Newmont Engages Stakeholders for Improved Watershed Management
As part of the Newmont water management strategy, regions are completing evaluations of their watershed to develop methodology that are in line with the ICMM guidelines on Catchment based water management for the mining and metals industry. These guidelines were developed to help with examining activities and issues within the entire watershed, taking into account hydrology and land use as well as the broader political, economic, social and ecological dynamics. The methodology is meant to aid in understanding all of the influences on water availability and quality, and in identifying key stakeholder risks and opportunities that should be prioritized and addressed throughout the life cycle of the mine.
Each operating site has been asked to develop an assessment of its watershed(s). As part of this development, each Newmont region and/or site has developed Stakeholder Engagement Plans. These plans define stakeholders as those who have shared interests directly or indirectly within the watershed and they provide guidance for liaising with and informing the various stakeholders and interested parties.
The North America region has developed an engagement strategy and tracking system to outline the general engagement activities planned. The key related activities that have been defined are:
- Internal and external stakeholder outreach and dialogue
- Regulatory engagement
- Newmont Investment System implementation
- Local and regional community investment
- Global water strategy
- Social impact assessments
Stakeholders have been identified and classified by engagement level and influence. Engagement mechanisms were then identified along with specific meeting times and dates. As part of this development, the North America region assessed that the Humboldt River Basin Water Authority (Authority) plays a key role in the watershed. As such, the North American region, working closely with the Nevada Mining Association, requested and was granted a position on the board of the Authority to represent mining’s significant role in the basin.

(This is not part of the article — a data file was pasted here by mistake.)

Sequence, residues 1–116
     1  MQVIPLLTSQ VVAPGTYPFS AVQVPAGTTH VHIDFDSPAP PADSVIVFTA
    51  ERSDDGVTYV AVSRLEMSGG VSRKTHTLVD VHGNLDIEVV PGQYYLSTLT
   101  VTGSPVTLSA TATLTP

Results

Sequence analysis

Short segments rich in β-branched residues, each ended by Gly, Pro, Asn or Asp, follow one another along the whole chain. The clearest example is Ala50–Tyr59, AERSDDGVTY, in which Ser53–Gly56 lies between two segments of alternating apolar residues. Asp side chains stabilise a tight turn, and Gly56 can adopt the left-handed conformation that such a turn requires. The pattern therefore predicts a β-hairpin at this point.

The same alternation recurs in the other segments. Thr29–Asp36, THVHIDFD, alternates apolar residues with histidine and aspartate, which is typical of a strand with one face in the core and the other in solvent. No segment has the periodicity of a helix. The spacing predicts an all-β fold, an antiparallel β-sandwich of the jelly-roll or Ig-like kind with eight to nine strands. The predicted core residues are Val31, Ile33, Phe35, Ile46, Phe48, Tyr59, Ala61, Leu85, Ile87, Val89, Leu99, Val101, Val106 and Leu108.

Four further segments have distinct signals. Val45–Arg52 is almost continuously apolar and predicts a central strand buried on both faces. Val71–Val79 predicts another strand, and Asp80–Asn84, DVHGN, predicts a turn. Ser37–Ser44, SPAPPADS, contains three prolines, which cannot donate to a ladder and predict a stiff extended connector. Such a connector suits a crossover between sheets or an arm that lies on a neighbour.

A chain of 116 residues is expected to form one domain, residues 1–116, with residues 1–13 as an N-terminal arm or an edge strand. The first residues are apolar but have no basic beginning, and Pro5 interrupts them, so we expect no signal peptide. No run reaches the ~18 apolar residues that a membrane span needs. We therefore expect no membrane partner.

The Authority was established more than 20 years ago as the result of various conflicts in the basin. The Humboldt River Basin covers the greater part of northern Nevada, includes 34 individual watersheds and spans approximately 17,000 square miles. Board participants include commissioners from all five counties in the basin and personnel representing mining and ranching interests, all of whom are key stakeholders. The Authority meets once every quarter to discuss ongoing regulatory issues, water rights applications, drought and many other concerns that affect users in the basin.
By participating, Newmont has developed working relationships with members of the Authority, and used this as a conduit for providing information to stakeholders in the basin on Newmont’s and the mining industry’s views on watershed management, now and in the future. We have also supported sound management in the basin by providing reviews and input on the development of regulations and guidelines for water use and rights, including the following:
- Working with the Authority and the State Engineer to develop a mechanism to assign water rights to account for basin losses associated with pit lake evaporation.
- Supporting research for new proposed water use regulations in the basin aimed at managing groundwater and surface water as a single resource.
- Providing advice, along with several other mining companies.
- Sharing our groundwater models in support of the State Engineers efforts.
- Presenting and discussing on regulations that may impact management of the basin, through participation with the Governors’ Drought Forum and Legislative Subcommittee to Study Water.
This interaction with the Authority and other stakeholders is an example of Newmont’s continued commitment to water stewardship for both the business and those impacted by mining, now and in the future. The work with the Authority has resulted in a mutually beneficial relationship for both Newmont and the stakeholders as we continue to actively collaborate on the best way to manage the watersheds where we operate.